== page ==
Everett Litton, Vice President and National Practice Lead for Trenchless Technology at WSP USA, discusses the upsides of using trenchless technology construction
By Everett Litton, PE
I firmly believe that we should all be good stewards of the environment. Additionally, it’s important to also recognize that infrastructure and their continual improvement is critical to society and our way of life.
That’s precisely what excites me about the trenchless technology industry: it allows us to construct necessary infrastructure while minimally impacting our communities and the environment. These technologies allow us to cross sensitive areas with minimal to no impact on the environment, and when done properly, are both extremely meaningful and beneficial for our society.
Future Ready with Less Disruption
Trenchless technology is a series of construction techniques used to install or rehabilitate underground infrastructure – primarily pipelines and underground utilities – with minimal disruption to surface traffic, businesses, residents, and the environment.
This technology offers numerous benefits for both clients and communities. It minimizes disturbances to the existing environment, as well as traffic impacts and contributes to less disruption in congested urban areas. It also reduces the need for new space underground and problems associated with pipeline routing; requires less overall space underground, which minimizes the chances of interfering with existing utilities or abandoned pipes; requires less exposed work area and is therefore safer for workers, communities, and the environment; significantly reduces the need for excess spoil removal; and minimizes damage to pavement and disturbances to other utilities.
Trenchless Technology inherently supports WSP’s Future Ready® principles, as the methods of installation are resilient and environmentally sensitive, and often help to reduce the carbon footprint of the construction project by minimizing impact and reducing spoil removal, while also being capable of dealing with a wide range of constraints and challenges.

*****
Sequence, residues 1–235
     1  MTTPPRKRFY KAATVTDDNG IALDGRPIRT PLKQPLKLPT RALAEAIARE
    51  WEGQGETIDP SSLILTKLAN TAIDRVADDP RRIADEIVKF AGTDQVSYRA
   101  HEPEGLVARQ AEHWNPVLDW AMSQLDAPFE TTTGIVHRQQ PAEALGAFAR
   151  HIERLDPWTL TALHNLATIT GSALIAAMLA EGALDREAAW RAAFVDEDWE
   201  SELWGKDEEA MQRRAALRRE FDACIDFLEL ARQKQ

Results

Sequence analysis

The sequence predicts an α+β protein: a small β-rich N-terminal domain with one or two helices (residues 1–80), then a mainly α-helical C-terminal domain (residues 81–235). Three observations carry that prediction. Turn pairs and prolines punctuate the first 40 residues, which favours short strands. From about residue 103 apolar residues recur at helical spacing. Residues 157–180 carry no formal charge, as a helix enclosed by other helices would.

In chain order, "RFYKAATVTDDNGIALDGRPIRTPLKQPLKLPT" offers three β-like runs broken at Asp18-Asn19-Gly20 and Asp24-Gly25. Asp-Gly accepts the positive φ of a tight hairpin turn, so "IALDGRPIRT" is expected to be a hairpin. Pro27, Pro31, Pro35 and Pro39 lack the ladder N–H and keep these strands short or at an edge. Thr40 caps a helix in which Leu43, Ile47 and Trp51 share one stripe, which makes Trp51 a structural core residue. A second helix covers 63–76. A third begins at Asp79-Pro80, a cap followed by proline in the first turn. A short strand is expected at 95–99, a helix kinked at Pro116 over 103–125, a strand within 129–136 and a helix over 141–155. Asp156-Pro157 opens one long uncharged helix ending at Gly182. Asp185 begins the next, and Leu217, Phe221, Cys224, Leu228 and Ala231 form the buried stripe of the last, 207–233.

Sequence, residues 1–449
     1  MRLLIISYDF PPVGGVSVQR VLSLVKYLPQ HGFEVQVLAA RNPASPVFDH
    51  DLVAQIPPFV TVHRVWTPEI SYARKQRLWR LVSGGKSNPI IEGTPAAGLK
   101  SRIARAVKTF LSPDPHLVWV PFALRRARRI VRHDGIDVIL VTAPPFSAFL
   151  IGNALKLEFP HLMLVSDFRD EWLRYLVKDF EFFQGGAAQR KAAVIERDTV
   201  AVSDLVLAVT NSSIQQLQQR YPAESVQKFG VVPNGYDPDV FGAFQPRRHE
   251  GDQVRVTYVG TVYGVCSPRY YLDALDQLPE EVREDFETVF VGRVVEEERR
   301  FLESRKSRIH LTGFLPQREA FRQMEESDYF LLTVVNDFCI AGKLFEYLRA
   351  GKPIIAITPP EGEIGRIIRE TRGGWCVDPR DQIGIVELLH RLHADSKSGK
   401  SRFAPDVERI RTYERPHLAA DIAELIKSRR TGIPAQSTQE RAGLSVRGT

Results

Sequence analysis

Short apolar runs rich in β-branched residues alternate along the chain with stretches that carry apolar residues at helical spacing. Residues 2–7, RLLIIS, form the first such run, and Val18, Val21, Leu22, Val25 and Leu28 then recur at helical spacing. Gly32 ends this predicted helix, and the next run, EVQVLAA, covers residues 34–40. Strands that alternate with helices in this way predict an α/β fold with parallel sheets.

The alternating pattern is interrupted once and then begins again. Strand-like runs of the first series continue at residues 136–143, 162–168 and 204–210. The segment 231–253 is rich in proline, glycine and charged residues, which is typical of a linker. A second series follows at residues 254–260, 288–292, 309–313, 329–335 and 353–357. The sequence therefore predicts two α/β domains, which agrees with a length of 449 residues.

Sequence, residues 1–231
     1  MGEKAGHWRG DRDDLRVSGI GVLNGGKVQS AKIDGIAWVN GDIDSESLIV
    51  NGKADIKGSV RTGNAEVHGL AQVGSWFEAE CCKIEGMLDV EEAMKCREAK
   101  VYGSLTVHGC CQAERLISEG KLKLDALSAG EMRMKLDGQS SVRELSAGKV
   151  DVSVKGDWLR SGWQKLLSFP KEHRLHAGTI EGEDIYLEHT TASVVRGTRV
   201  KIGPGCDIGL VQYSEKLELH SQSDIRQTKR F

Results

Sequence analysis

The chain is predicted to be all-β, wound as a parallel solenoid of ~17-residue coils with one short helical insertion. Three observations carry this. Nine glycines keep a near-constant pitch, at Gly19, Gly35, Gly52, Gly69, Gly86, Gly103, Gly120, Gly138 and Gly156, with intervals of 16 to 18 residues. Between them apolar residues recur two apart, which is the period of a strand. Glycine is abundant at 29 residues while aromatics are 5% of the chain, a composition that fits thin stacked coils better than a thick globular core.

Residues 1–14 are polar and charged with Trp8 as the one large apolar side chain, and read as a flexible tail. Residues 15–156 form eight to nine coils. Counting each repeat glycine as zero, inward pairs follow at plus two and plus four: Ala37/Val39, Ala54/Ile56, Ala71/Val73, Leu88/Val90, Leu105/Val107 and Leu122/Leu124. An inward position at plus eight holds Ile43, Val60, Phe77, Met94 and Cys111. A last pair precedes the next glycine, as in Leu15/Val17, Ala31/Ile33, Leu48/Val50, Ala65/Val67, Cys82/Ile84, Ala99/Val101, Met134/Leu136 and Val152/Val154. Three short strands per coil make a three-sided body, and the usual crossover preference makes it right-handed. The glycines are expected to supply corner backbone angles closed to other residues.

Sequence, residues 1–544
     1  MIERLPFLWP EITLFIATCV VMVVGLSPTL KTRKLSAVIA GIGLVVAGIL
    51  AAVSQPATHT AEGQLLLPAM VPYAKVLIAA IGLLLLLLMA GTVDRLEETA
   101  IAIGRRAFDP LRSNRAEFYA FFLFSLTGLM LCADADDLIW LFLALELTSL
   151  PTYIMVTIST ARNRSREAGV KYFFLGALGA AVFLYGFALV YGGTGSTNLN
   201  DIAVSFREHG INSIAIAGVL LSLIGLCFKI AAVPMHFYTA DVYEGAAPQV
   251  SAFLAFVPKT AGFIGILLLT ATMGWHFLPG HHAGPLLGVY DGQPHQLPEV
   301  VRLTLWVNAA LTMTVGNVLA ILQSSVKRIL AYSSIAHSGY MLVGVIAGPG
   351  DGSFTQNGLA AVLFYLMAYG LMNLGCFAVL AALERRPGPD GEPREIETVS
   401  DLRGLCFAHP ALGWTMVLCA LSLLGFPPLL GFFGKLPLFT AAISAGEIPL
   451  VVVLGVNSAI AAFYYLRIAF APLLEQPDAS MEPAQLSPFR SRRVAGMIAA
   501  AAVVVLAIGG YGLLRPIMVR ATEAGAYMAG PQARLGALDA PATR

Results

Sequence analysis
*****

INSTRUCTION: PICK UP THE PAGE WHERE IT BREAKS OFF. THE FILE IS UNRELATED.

WSP recently used trenchless technology to help Indiana and North Carolina construct their first curved microtunnel projects. Microtunneling includes the use of remotely controlled microtunnel boring machines, which are commonly used to install pipelines less than 96 inches in diameter, and usually too small for manned tunneling operation. While using trenchless technology for these projects is not uncommon, curved microtunneling is relatively new within North America and poses greater difficulties that we are now able to overcome.
The first curved microtunnel in Indiana — was the State Road 37 (SR37) Improvements Project — included years of collaboration between the cities of Fishers and Noblesville, Hamilton County and the Indiana Department of Transportation. This led to a concentrated effort to address traffic congestion and public safety challenges along SR37 in Hamilton County.
The at-grade intersections at 126th, 131st, 141st, and 146th Streets were redesigned as underpasses to allow for the free flow of traffic on SR37. For this project, WSP was selected to design two offsite gravity drainage storm sewers to carry drainage from the depressed underpasses to natural water bodies, and trenchless construction methods were chosen to provide drainage for the newly depressed interchanges.
Gravity outfall sewers were selected instead of pump stations, which eliminated long-term operation and maintenance costs. Two drainage outfall storm sewers were designed and successfully constructed, at inverts of 17 to 44 feet below grade, to carry roadway drainage westward to its natural surface water bodies, Shoemaker Ditch, and the White River.
The SR37 project used two trenchless construction methods: two-pass tunneling and microtunneling for installation of the 54-inch diameter storm sewers. The project included the installation of 6,500 feet of storm sewer, which successfully navigated difficult ground and groundwater conditions for the existing 2,650-foot-long south drainage line and the 4,700-foot long north drainage line.